Woodsville is not like other towns. Night falls a little earlier there, the shadows are darker and denser, and everyone knows it's a place where strange things happen. Even if they won't admit it. Bethan would prefer to be anywhere but here. Jay has his theories, but isn't ready to share. Hashim sees more than he'll say, while Kelly's demons are all too flesh and blood. But Emily's freak-out brings them out of denial and face to face with the supernatural. Anywhere else, Friday night would be date night. But not in Weirdsville…
Ready to be freaked out? Thought so. This little number from Harper Collins Children's Department winged its way to me recently. Now, scary books have to be read at night. So that's what I did with this one. Not quite expecting to freak out quite as much as I did. (Case in point, Mark unexpectedly knocking on the door during the big-ass revelation towards the end of the book, as I was lying on the couch, close to midnight. I think I may have levitated a few centimetres off the couch!)
Our four main characters are swiftly introduced: Bethan, the intelligent girl with the black nailpolish and the wish to live anywhere but here; Kelly, scariest girl in town, quite pretty but with a mouth and attitude on her that scares everyone, except the guy who wants her dead; Jay, geeky kid who knows random things about random things and finally, Hashim, athlete and soccer star who's probably more clever than he lets on and also, a good guy.
It is when Emily, the most quiet, the most mousy and the most unnoticed girl in school pipes up with a confession during English class (they were discussing Hamlet, what with the ghosts and witches and such) and confesses that she's heard a ghost, in her home, that kickstarts Nearly Departed. Alarm bells went off in my head. For a shy character to do something so out of the ordinary, and out of character, knowing the ridicule and vitriol she was exposing herself to, jolted me out of my comfort zone and I realised as a reader, something “other” was going on here. No one will voluntarily say or do something like this to stand out from a crowd, not someone as painfully shy as this girl has been shown to be.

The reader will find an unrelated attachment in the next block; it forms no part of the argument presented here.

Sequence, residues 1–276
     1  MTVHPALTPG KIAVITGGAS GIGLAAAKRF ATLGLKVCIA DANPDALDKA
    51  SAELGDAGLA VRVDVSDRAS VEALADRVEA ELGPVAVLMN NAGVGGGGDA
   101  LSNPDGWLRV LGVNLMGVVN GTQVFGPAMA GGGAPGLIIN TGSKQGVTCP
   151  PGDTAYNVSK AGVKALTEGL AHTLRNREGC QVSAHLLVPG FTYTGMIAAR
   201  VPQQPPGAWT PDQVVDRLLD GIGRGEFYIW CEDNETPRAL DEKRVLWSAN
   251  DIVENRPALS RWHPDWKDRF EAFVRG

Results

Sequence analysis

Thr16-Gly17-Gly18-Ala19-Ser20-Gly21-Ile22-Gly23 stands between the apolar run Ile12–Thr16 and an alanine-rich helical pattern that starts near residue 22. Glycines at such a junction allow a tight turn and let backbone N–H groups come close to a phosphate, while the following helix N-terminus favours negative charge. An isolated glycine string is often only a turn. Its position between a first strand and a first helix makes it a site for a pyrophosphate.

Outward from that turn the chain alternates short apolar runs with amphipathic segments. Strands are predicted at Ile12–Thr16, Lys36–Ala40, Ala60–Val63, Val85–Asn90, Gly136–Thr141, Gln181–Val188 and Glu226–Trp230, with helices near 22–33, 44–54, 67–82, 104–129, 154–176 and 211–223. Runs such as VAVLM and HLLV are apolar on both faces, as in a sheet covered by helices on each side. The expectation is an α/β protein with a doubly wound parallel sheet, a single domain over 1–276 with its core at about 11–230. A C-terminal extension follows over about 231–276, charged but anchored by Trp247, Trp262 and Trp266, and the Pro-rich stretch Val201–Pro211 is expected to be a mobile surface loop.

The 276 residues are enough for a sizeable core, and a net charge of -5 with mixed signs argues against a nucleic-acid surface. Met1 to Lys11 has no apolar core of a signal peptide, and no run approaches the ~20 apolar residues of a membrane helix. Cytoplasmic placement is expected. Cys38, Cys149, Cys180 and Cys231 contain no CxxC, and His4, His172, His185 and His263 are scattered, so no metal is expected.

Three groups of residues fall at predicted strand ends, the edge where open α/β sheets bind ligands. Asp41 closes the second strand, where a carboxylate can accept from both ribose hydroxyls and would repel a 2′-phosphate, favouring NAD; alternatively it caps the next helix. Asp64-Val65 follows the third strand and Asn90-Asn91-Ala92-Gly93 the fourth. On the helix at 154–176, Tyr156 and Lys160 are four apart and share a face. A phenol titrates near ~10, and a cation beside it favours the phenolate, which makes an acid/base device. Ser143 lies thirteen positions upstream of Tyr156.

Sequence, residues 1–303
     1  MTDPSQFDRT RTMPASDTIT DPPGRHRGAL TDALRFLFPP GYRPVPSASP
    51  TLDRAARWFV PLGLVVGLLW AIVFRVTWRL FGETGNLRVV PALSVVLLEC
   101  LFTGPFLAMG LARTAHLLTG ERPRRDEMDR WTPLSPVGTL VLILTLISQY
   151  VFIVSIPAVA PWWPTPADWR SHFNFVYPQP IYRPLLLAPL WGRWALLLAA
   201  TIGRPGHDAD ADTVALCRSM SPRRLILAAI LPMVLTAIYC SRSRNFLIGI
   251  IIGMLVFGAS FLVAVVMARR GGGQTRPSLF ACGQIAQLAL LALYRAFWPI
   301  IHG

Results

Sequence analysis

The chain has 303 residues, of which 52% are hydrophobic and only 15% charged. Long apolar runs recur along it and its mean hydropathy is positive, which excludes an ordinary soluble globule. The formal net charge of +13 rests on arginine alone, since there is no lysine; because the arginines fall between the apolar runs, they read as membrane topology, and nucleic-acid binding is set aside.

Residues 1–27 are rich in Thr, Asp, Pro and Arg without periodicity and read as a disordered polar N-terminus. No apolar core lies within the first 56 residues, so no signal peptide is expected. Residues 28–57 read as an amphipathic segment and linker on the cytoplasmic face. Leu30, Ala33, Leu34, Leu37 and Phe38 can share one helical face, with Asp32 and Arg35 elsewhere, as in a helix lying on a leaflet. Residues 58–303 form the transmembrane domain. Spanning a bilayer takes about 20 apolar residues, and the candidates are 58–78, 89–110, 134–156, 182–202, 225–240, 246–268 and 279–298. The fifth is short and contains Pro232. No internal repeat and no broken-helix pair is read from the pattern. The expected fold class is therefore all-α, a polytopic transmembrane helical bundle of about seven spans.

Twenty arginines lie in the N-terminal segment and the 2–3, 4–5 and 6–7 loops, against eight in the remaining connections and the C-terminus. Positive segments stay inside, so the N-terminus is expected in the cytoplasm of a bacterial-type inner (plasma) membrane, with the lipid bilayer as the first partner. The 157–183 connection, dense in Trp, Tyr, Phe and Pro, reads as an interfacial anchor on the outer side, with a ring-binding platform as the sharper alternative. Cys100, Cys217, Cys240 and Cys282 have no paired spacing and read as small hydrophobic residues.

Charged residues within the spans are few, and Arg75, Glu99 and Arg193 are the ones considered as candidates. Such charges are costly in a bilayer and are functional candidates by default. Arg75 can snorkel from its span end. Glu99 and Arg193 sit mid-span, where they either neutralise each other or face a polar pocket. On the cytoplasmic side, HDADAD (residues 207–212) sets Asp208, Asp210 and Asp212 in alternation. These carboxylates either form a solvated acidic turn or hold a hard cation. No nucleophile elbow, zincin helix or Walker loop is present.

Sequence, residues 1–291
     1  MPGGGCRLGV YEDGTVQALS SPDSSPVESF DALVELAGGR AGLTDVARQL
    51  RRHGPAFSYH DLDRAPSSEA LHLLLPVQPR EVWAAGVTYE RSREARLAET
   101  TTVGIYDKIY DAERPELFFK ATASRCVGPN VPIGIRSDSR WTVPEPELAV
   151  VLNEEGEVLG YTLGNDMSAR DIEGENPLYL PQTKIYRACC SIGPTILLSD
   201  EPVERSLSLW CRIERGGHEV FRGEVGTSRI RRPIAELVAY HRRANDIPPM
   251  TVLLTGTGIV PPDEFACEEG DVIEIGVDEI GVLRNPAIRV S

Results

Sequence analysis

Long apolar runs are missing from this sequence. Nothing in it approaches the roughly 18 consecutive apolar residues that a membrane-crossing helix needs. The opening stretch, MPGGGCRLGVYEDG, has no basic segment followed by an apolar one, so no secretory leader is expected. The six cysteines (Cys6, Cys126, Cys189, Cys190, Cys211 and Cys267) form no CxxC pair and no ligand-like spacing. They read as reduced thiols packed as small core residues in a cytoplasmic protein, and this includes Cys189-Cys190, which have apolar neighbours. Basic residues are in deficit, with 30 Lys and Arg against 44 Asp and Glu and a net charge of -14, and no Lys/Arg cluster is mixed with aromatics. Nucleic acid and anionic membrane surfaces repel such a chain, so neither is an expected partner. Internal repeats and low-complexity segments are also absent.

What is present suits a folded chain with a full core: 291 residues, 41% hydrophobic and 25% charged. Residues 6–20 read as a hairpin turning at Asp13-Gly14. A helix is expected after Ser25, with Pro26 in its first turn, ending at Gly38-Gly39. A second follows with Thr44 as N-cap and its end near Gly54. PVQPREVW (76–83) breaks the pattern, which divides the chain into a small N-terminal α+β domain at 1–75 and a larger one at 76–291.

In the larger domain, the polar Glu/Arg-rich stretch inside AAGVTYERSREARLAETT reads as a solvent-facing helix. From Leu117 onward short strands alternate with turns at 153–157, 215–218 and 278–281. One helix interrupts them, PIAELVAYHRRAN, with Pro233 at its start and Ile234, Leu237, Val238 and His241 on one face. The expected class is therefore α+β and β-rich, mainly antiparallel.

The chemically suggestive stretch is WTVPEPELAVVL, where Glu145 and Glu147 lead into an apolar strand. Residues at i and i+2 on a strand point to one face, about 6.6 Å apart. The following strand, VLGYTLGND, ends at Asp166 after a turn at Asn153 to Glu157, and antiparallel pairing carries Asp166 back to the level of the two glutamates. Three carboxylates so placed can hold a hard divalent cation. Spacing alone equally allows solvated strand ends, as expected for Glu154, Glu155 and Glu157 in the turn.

With some clever canoodling by the teacher, Kelly, Jay, Hashin, Bethan and Emily are grouped together to rewrite scenes from Hamlet - updating to be read in modern language. Of course Jay’s over the moon, here’s a chance to figure out if Emily has really heard a ghost. Using amazing persuasive powers, he manages to convince Emily, Kelly and Bethan to meet up after school to talk this through. Hashim legs it, not keen to take part in it.
I’d like to point out here that Ms. Hasting’s has managed to get the dialogue and attitude of these teens just right! I loved the sarcastic comments, snide remarks and temper tantrums - they felt fantastically real and fun to read. It lent a credibility to the characters which I enjoyed exploring.
Out of the whole group, my favourite character has to be Hashim. He just comes across as too cool - but down to earth at the same time, a tough contradiction to bring across. Kelly undergoes the biggest transformation as the story progresses and Jay has to come to terms with some hard family truths (which surprised me and pleased me) whilst Bethan realises that there is more to her than she expected and that Weirdsville needs heroes.
Nearly Departed is a clever book. I should have seen the twist in the tale a mile off but I was so involved, nose to the page, that it took me utterly by surprise. It’s definitely aimed at the older range of young adult readers - purely for the fright factor, I’d say. Also, is a lovely looking book and hopefully ones that boys won’t be too worried about picking up because, at it’s core, Nearly Departed is very much an adventure - an overcoming the monster novel and discovering your destiny type of novel.
To be fair, there is very little on the negative side I would even consider saying about Nearly Departed. Sometimes, you read a book and it just gels so well together, you look back at it and you think: wow, I wish I didn’t read that so that I can read it all over again, afresh, anew, because it’s such fun. This is the case here. My only gripe: I thought it started a bit slow but to be honest, after the initial slowness it picked up pace and shook me around like a ragdol.
A word of warning though: it’s scary. I’m not someone who scares easy but this one...it freaked me a little!
Nearly Departed is out now. Go buy a copy and love Rook Hastings before everyone else!